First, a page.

“Robert W. Baird is more optimistic that Apple will be able to increase its sales and profits from services after a big survey of consumers,” Tae Kim reports for Barron’s.
“The firm’s analyst William Power reaffirmed his Outperform rating for Apple stock, citing positive data from a recent survey of 1,500 U.S. consumers,” Kim reports. “The analyst noted 67% of consumers said they plan to purchase an iPhone versus around 60% in the past two surveys.”
Kim reports, “He predicts Apple’s services segment will generate 21% of the company’s sales and 37% of its profits in 2020, versus 19% and 33% this year, respectively.”
Read more in the full article here.
MacDailyNews Take: Will Power!
In the spirit of horrifically dated references, as The Fonz would say, “Exactamundo.”
Again, units don’t matter. There are only so many quality users on the planet. Keeping them happy, as every measure of customer satisfaction shows Apple has amazingly well done to date, is what matters. As long as the users buy apps on the App Store, subscribe to Apple Music, add iCloud storage, use Apple Pay, etc., they can replace their hardware with Apple hardware at their own pace.
iPhone has higher customer satisfaction than Android, meaning that Apple gains iPhone users from Android via normal churn as users graduate to real iPhones. — MacDailyNews, January 21, 2019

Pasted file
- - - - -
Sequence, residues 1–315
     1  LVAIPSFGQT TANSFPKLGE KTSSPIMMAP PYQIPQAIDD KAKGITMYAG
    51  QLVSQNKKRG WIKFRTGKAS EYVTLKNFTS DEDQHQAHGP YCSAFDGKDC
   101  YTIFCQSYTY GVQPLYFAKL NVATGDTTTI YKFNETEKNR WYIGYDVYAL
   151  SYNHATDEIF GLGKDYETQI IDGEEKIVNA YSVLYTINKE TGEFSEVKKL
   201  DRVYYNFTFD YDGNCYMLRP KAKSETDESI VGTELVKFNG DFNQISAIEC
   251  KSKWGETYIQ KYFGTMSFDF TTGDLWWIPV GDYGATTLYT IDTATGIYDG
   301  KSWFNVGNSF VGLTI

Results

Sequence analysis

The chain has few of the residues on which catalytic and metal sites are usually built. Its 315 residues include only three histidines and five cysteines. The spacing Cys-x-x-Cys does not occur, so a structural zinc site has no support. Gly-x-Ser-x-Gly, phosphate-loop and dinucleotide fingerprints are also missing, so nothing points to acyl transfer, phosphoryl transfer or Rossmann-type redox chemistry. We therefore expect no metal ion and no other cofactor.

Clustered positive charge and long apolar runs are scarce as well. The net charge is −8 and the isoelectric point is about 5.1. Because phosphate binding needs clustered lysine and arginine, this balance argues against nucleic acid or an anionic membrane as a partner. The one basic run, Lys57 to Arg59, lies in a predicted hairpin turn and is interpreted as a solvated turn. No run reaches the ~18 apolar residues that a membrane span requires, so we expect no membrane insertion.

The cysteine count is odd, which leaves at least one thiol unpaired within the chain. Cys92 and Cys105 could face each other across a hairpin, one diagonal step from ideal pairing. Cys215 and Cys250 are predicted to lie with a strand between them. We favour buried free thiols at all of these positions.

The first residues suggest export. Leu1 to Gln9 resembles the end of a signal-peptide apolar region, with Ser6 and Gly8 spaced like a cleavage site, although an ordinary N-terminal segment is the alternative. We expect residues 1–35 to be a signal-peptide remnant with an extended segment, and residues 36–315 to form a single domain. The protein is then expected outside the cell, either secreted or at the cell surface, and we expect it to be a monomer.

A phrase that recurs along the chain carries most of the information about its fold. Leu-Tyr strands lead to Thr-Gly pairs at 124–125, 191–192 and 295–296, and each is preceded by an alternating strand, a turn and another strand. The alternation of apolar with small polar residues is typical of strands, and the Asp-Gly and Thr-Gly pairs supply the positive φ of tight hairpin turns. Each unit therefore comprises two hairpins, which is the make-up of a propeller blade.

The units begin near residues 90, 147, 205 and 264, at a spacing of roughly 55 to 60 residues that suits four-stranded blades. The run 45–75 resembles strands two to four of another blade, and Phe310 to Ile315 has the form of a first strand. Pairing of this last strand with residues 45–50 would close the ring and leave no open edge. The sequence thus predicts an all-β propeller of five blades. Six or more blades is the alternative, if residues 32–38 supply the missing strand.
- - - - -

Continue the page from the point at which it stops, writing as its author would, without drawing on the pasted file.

Yes, the iPhone replacement cycle is lengthening, but with so many iPhone (and iPad) users and with customer satisfaction so high, it really doesn’t matter. The market is mature and there are only so many quality users on the planet. Apple has that market cornered. The types of people who’ve settled for Android aren’t likely to buy as many apps or subscribe to services. They want free. They’re not worth much after the sale. The iPhone knockoff peddlers like Samsung can have them.
This is, of course, Apple’s point with ceasing the reporting of unit sales. It’s the user base, the quality of the user base, and services that matter more now. That’s where the growth is and where it will be for many, many years to come. — MacDailyNews, January 5, 2019